"I'd love to manage," Maddon told Rosenthal. If the right opportunity does not present itself, I would want to work. But I would hope it would be a managing position. If not, there are other things I can do that would make me an even better manager when I get the opportunity again."
Maddon's agent, Alan Nero, told Marc Topkin of the Tampa Bay Times that he believed that Maddon will "manage somewhere" in 2015.
Maddon has been managing the Tampa Bay Rays since 2006. In nine years under the leadership of Maddon, the Rays have gone 754-705 (.517) and made the postseason four times, including an American League pennant in 2008. The 60-year-old Maddon is a native of Hazelton, Pennsylvania, and has won two American League Manager of the Year awards in both 2008 and 2011. His experience and leadership make him one of the most respected managers in the game.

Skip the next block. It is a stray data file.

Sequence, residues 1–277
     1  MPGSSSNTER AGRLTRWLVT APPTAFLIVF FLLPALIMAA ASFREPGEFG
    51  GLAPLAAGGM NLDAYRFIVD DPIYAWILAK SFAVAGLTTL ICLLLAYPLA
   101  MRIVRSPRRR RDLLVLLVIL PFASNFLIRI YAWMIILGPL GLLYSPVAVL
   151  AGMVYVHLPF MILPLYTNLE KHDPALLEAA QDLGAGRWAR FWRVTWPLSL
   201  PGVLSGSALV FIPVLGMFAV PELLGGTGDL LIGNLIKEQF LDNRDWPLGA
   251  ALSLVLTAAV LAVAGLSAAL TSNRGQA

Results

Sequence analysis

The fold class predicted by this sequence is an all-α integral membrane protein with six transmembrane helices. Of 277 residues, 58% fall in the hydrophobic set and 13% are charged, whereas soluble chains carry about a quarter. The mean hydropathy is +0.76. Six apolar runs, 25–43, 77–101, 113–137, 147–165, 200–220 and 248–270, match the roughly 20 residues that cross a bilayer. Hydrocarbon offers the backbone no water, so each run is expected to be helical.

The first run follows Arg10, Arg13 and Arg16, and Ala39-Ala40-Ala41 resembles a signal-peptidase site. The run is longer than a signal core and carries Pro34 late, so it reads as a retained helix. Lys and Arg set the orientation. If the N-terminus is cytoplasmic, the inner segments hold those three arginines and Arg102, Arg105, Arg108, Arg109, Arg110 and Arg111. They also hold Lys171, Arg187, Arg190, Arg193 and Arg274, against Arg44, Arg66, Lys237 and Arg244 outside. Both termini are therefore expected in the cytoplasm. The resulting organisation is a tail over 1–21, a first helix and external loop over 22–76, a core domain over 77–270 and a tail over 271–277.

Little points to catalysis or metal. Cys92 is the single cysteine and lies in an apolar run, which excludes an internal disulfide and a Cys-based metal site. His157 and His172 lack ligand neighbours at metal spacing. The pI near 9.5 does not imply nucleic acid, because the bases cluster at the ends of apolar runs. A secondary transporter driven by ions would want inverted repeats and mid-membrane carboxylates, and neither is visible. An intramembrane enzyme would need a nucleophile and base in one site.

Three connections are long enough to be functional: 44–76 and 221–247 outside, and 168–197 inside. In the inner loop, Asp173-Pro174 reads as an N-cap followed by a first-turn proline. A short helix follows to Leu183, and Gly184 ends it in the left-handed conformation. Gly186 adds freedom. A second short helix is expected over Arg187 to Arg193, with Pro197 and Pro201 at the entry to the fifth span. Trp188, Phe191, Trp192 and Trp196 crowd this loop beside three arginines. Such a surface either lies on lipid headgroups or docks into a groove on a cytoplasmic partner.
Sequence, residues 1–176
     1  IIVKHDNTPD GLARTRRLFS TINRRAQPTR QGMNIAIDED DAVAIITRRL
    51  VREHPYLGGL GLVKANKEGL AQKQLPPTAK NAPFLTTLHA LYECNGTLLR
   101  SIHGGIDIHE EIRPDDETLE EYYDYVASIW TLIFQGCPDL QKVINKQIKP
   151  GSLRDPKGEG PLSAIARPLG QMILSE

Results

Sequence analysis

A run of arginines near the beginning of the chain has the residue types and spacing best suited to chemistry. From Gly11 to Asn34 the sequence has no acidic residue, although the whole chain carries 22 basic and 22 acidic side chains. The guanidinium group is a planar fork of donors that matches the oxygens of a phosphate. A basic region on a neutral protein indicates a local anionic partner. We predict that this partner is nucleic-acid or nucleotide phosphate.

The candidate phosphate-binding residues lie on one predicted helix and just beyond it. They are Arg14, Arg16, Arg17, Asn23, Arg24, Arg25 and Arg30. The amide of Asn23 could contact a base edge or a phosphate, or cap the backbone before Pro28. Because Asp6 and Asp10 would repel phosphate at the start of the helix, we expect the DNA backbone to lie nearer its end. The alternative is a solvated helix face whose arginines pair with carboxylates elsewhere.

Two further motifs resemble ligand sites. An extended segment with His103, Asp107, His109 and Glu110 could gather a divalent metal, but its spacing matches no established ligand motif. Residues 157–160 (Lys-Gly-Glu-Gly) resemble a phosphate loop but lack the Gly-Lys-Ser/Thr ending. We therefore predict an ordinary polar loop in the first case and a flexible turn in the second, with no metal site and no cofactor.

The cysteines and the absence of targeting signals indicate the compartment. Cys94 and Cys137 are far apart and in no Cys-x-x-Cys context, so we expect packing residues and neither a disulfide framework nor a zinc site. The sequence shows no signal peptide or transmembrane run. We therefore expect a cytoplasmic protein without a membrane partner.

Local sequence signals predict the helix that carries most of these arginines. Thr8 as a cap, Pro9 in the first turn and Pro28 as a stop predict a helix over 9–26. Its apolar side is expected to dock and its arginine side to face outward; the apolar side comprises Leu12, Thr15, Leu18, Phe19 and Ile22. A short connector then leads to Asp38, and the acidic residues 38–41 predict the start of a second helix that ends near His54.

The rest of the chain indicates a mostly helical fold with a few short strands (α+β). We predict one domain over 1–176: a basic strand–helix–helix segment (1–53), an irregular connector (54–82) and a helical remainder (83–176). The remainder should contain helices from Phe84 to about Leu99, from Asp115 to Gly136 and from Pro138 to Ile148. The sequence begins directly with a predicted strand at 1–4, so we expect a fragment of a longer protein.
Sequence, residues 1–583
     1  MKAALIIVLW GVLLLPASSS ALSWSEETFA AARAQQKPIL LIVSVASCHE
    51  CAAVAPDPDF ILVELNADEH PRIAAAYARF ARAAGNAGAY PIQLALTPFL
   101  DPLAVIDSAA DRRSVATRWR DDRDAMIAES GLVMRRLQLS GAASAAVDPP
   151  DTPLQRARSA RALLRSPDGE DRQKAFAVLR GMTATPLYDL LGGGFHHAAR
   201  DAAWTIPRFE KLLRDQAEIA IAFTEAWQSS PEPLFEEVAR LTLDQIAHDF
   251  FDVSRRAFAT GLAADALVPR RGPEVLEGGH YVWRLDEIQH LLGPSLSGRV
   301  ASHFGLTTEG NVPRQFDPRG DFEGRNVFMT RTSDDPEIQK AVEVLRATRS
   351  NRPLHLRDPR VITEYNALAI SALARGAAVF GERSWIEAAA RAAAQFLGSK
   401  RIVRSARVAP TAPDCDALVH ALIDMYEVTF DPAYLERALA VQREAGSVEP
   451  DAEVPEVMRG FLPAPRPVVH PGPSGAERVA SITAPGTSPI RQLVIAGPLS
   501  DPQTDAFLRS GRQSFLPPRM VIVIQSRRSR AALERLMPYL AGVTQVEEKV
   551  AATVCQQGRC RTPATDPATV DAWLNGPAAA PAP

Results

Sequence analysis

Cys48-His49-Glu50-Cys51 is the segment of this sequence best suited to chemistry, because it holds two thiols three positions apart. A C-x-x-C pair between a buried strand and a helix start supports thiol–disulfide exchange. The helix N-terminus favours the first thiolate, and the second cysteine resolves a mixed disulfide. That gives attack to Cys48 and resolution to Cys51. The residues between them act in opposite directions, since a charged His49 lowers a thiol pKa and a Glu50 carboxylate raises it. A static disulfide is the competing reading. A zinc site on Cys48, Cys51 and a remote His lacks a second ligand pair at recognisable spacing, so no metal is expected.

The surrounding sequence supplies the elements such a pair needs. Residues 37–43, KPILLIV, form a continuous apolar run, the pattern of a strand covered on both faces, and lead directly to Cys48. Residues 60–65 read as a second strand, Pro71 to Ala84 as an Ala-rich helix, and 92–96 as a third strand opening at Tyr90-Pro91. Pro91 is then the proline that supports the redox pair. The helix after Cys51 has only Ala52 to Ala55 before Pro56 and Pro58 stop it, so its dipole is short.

One Giant Step: Unsung hero Travis Ishikawa helps San Francisco win game five, NL pennant against Cardinals
With the 637th pick (21st Round) in the 2002 MLB Draft, the San Francisco Giants selected outfielder Travis Ishikawa out of Federal Way High School.
Ishikawa was one of just two players from that 21st Round to make it to the major leagues (Andy LaRoche). He debuted in 2006 with the Giants, and went 7-for-24 over his first 12 career major league games. He came back in 2008 and played three more seasons with San Francisco, mostly as a utility first baseman. He is the owner of a World Series ring, which he earned with the Giants in 2010.